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Old 02-19-2013, 03:21 PM   #19
Mert Gambito
Join Date: Jun 2010
Posts: 201
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Re: Aikido IP/IS: Advanced Expositions in Centripetal Force

Quote:
nikkyo
With or without IP/IS, the nage should be able to implement it without using both hands/arms (ditto regarding any of the other common wristlocks), in either variation of the technique shown in the video, and against a bent or straight arm.

Back to the main topic at hand. . . .

Quote:
Cliff Judge wrote: View Post
I just spent the weekend training with Ikeda Sensei and I am chewing on a question much like this.

What I can tell you for sure, though I cannot do it very well, is that you can use the IP part of Aiki to break your partner's balance in such a way that they do not tense up or ground themselves instinctively. This makes them easy to move with the external movement of your body.
Yes, I've experienced what you mean. The problem is, once the IP "carries the (contact) point" (Dan Harden parlance), external movement can be used to move the uke, but doing so instead of continuing to use fure-aiki causes the uke to exit the orbit after a couple steps, and/or the carrying to go dead.

Quote:
Cliff Judge wrote:
I am not sure if you can use only internal power to make a classic Aikido waza happen. If you could, would it look the same or very different? I can't even do a smooth transition between kuzushi and technique right now. It takes me minutes of intense focus with an attentive partner to even get a little bit of tipping over, then as I activate my body the Aiki seems to evaporate.
Understood. Can relate. Seeds planted for a conversations to be revisited a few years from now. . . .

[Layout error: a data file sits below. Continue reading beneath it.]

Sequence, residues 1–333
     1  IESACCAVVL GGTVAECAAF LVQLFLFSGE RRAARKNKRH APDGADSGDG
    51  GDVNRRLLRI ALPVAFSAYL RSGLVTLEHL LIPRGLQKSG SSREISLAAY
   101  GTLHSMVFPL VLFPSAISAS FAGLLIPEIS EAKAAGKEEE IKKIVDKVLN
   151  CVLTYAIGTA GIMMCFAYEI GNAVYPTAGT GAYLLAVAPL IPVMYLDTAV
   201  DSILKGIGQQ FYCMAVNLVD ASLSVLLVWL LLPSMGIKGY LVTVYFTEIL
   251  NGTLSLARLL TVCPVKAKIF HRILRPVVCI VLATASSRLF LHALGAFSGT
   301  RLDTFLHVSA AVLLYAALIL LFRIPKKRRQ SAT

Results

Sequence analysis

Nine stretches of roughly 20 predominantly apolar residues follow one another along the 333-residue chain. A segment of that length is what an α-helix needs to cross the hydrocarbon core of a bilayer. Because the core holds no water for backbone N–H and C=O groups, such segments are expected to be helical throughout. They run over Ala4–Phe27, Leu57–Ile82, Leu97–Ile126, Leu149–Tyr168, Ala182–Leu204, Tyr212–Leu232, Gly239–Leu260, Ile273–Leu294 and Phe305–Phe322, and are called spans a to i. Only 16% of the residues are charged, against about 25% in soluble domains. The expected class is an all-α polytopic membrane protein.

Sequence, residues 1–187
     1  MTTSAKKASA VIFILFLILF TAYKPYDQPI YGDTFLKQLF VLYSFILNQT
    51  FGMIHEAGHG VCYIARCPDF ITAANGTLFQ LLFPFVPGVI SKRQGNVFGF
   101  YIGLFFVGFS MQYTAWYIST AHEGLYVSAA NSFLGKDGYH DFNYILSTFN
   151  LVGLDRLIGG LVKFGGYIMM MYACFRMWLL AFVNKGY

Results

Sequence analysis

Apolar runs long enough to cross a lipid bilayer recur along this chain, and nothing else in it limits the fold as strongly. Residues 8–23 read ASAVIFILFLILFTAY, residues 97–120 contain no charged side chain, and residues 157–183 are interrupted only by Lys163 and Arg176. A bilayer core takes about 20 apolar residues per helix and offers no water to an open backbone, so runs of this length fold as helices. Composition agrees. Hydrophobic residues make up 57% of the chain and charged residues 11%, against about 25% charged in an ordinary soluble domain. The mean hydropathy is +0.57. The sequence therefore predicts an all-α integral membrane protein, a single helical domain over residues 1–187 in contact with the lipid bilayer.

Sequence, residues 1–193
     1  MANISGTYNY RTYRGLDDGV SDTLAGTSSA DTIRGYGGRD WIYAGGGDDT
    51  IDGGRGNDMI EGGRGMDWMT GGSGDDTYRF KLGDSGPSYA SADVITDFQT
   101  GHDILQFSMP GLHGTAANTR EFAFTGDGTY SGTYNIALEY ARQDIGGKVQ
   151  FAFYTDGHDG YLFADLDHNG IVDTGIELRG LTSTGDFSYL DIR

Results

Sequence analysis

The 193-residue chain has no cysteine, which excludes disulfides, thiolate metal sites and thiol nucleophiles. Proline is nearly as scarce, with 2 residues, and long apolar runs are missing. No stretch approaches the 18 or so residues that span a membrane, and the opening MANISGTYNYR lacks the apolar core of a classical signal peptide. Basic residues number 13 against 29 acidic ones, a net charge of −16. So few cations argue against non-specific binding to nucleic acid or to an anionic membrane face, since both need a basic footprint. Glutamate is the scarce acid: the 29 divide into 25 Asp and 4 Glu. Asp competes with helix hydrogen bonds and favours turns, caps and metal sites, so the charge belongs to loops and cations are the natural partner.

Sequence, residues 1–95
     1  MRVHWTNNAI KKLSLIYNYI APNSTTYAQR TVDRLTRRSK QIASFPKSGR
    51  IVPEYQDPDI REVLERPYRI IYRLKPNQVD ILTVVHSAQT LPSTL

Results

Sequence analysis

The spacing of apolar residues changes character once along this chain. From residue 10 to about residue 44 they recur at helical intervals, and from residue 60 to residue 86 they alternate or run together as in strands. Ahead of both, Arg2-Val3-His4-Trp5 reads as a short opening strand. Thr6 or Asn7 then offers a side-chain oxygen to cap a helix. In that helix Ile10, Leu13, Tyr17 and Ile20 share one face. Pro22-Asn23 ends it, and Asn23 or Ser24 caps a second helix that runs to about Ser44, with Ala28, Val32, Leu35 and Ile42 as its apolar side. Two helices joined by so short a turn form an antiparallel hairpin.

I wouldn't expect someone adept at IP/IS to get an uke who is not choreographing the ukemi to time and again produce cookie-cutter reactions. But I'd think someone adept could consistently induce that kind of movement to set up a logical finish within the physical lexicon of the art, as presented by the ukemi in that given instance.

Quote:
Dan Richards wrote:
Mert, if you just showed me a video of that man doing aikido, I'd say he was around 2nd kyu. And the shihonage he does at 2:45 would fail him for even a 3th kyu test in a dojo with exacting standards. . . .
Well, the idea of citing that particular video clip wasn't to point it out as bad technique per se, but rather to use it as an example of what is de rigueur for the type of grandiose moving-around of the uke that's iconic of the art today. Again, the cool thing is, it is possible to do this without choreographed ukemi, though few people can do it, and I'm yet to personally experience it from someone within aikido. (Caveat: Even then, IMO it's for the purposes of demonstrating skill, vs. for the sake of being pragmatic -- similar to appreciating speed metal, but preferring bread-and-butter blues.)

Quote:
Dan Richards wrote:
As we move forward into the next ten years or so, things are going to get interesting. And probably a lot more free and fun, too.
Yes, absolutely! The IP/IS methodologies during the past few years that have been posited here will all have been proven, debunked or simply filed away during the next decade. It will be entertaining to revisit all these IP/IS discussions and debates at that time to see who was trading in real substance vs. smoke and mirrors. . . .

Last edited by Mert Gambito : 02-19-2013 at 03:25 PM.

Mert
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